TP.xs.NMTOKEN
TP.xs.NMTOKENS
TP.xs.NOTATION
TP.xs.QName
TP.xs.anyURI
TP.xs.base64Binary
TP.xs.boolean
TP.xs.byte
TP.xs.date
TP.xs.dateTime
TP.xs.decimal
TP.xs.double
TP.xs.duration
TP.xs.float
TP.xs.gDay
TP.xs.gMonth
TP.xs.gMonthDay
TP.xs.gYear
TP.xs.gYearMonth
TP.xs.hexBinary
TP.xs.int
TP.xs.integer
TP.xs.language
TP.xs.long
TP.xs.negativeInteger
TP.xs.nonNegativeInteger
TP.xs.nonPositiveInteger
TP.xs.normalizedString
TP.xs.positiveInteger
TP.xs.short
TP.xs.string
TP.xs.time
TP.xs.token
TP.xs.unsignedByte
TP.xs.unsignedInt
TP.xs.unsignedLong
TP.xs.unsignedShort
TP.xs.whiteSpace

code

The "forms code" in TIBET is really a combination of functionality from a wide variety of sources including TIBET's node types, data binding code, XML and JSON schema support code, TIBET's keyboard mapping functionality, etc.

Data Binding

See TIBET Data Binding.

XML Schema

See ~lib/src/xs:

JSON Schema

See ~lib/src/tibet/json for the base JSONSchema type and content type.

Validation Tests / Samples

See ~lib/test/src/tibet/forms. The TP.lang.Object_Tests.js contains the test code which loads the various sample pages and runs the tests.

Sample markup authoring for the validation tests is found in:

Validation1.xhtml
Validation2.xhtml
Validation3.xhtml
Validation4.xhtml

Sample schema files used in the markup and test files is found in:

Validation_Test_Types.json
Validation_Test_Types.xsd

Field State Tests / Samples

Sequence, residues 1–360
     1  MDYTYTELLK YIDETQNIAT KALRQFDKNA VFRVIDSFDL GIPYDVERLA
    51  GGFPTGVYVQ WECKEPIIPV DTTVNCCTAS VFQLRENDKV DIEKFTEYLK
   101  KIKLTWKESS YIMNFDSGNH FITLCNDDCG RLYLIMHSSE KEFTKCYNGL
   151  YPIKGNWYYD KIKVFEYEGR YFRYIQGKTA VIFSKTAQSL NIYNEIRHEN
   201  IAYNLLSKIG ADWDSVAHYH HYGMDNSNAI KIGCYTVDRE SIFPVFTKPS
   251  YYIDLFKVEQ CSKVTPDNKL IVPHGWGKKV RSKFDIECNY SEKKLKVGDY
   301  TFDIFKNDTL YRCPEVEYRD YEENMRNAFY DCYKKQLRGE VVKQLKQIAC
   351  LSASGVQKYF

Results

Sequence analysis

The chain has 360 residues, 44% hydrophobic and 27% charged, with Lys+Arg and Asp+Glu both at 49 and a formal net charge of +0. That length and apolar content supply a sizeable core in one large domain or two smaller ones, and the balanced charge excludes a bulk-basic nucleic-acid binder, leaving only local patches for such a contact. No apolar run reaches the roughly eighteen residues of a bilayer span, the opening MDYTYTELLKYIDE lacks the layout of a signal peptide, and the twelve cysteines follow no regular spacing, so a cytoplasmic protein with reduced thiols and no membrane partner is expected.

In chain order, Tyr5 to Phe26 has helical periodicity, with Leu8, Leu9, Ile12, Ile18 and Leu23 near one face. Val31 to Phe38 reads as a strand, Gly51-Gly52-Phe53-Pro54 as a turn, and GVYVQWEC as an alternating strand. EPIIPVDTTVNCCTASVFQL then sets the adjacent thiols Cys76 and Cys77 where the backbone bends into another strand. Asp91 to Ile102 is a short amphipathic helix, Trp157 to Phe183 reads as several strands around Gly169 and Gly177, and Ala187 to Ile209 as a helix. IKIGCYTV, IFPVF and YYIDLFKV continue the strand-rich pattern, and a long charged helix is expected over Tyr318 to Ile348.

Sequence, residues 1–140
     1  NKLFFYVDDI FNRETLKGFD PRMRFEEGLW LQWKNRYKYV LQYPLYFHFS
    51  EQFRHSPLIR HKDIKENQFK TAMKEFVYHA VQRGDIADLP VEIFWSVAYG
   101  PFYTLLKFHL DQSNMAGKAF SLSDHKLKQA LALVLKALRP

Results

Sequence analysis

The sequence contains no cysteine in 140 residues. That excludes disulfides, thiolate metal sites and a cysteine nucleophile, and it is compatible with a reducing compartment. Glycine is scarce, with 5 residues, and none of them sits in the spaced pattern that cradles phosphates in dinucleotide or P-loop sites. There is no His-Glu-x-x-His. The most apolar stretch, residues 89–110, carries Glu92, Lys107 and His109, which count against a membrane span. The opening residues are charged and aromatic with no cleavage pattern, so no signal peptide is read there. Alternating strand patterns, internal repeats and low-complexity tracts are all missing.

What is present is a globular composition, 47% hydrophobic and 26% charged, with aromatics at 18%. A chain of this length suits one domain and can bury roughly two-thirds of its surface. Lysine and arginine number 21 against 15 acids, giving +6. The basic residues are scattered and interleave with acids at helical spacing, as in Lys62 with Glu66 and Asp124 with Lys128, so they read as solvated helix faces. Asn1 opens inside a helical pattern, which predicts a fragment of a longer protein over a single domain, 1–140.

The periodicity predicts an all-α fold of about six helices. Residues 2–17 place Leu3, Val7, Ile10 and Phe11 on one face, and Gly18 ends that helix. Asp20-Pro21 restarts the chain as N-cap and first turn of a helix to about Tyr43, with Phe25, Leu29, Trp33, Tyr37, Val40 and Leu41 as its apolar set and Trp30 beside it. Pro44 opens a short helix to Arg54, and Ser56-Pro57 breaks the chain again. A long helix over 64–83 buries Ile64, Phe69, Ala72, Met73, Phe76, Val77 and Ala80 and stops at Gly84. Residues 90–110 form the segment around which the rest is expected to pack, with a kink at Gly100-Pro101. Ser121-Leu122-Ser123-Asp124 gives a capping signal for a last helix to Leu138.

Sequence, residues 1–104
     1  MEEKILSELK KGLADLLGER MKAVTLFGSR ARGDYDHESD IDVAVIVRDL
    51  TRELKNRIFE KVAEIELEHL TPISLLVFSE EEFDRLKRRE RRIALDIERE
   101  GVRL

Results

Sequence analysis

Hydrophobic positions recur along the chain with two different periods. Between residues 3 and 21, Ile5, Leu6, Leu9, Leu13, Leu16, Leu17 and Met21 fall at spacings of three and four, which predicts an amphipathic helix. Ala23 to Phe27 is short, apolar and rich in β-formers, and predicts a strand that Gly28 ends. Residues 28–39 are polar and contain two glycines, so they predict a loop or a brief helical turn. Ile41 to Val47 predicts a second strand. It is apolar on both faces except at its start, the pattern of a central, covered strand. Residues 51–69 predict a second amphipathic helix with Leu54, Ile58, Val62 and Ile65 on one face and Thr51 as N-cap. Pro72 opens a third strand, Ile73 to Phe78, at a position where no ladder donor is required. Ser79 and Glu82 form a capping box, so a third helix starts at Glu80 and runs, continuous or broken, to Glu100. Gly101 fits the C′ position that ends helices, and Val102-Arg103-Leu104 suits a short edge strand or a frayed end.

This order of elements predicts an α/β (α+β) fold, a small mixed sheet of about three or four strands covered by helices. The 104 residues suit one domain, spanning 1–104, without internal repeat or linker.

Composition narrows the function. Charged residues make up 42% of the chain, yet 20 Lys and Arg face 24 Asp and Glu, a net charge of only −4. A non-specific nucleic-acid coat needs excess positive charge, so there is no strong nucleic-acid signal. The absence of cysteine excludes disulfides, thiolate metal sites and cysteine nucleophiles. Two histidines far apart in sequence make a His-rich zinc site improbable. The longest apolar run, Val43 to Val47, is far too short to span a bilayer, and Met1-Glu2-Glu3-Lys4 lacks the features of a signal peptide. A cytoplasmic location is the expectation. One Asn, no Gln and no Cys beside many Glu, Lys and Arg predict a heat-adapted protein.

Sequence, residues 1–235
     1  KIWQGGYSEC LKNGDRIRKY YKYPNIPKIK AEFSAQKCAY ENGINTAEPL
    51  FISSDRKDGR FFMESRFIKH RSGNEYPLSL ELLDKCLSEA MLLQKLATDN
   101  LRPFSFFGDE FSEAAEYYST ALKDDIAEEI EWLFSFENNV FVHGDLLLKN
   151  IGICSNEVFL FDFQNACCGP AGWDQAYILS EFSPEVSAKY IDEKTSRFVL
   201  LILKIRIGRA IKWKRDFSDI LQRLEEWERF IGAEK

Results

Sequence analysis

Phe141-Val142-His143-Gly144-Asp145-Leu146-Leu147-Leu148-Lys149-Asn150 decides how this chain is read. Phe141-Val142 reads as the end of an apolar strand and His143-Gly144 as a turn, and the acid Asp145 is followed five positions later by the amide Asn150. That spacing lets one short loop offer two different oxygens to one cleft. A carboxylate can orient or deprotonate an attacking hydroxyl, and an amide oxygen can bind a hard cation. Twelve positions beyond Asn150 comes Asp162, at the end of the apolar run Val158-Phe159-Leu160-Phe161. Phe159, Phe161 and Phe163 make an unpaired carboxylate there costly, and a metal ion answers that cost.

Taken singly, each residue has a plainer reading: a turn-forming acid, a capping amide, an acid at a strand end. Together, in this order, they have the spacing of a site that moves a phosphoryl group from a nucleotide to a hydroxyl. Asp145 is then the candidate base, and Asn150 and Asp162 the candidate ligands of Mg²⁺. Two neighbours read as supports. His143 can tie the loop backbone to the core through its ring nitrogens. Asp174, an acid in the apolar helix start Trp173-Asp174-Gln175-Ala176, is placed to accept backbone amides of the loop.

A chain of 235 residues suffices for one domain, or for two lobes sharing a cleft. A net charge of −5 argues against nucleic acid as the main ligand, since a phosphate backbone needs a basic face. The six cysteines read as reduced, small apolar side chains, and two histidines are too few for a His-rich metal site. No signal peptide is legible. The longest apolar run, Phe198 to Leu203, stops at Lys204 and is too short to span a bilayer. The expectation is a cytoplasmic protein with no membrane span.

See ~lib/test/src/tibet/forms. The TP.lang.Object_Tests.js contains the test code which loads the various sample pages and runs the tests.

Sample markup authoring for the field state tests is found in:

Computed1.xhtml
Computed2.xhtml

Relevant1.xhtml

Required1.xhtml
Required2.xhtml
Required3.xhtml
Required4.xhtml
Required5.xhtml
Required6.xhtml

Grouping Tests / Samples

See ~lib/test/src/tibet/grouping. The TP.tibet.group_Tests.js contains the test code which loads the various sample pages and runs the tests.

Sample markup authoring for the grouping tests is found in:

Grouping1.xhtml
Grouping2.xhtml
Grouping3.xhtml
Grouping4.xhtml
Grouping5.xhtml
Grouping6.xhtml
Grouping7.xhtml
Grouping8.xhtml
Grouping9.xhtml
Grouping10.xhtml
Grouping11.xhtml

See ~lib/test/src/tibet/focusing. The TP.dom.UIElementNode_Tests.js and TP.html.Element_Tests.js files contain the test code itself.

Sample markup authoring for the focusing tests is found in:

Focusing1.xhtml
Focusing2.xhtml
Focusing3.xhtml
Focusing4.xhtml
Focusing5.xhtml
Focusing6.xhtml
Focusing7.xhtml
Focusing8.xhtml
Focusing9.xhtml
Focusing10.xhtml
Focusing11.xhtml
Focusing12.xhtml
Focusing13.xhtml
Focusing14.xhtml
Focusing15.xhtml
Focusing16.xhtml
Focusing17.xhtml
Focusing18.xhtml

FocusingStack1.xhtml
FocusingStack2.xhtml

Data Formatters

See ~lib/test/src/tibet/formatting for a variety of tests and samples.

String_Tests.js focuses on the String format and transform calls and shows a number of the substitutions which are possible to format your data.

TP.dom.ElementNode_Tests.js contains tests for the ui:display and ui:storage attributes, which let you define input and output formatters for your fields.

TP.lang.Object_Tests.js contains tests for the as method which also can be used to product formatted output (when you give it a string format or template).

TP.templateParser_Tests.js provides tests of TIBET's template parser, in particular its parse call which handles templated input.

Sample markup authoring for the formatting tests is found in:

Formatting1.xhtml
Formatting2.xhtml
Formatting3.xhtml
Formatting4.xhtml
Formatting5.xhtml
Formatting6.xhtml
Formatting7.xhtml